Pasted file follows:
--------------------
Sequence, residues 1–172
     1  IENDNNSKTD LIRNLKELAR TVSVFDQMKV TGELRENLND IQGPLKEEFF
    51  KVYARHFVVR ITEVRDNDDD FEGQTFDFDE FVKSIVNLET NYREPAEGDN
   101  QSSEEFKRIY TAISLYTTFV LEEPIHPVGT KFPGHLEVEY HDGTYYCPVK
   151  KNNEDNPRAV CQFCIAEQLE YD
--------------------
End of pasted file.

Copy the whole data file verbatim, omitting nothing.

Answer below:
Sequence, residues 1–172
     1  IENDNNSKTD LIRNLKELAR TVSVFDQMKV TGELRENLND IQGPLKEEFF
    51  KVYARHFVVR ITEVRDNDDD FEGQTFDFDE FVKSIVNLET NYREPAEGDN
   101  QSSEEFKRIY TAISLYTTFV LEEPIHPVGT KFPGHLEVEY HDGTYYCPVK
   151  KNNEDNPRAV CQFCIAEQLE YD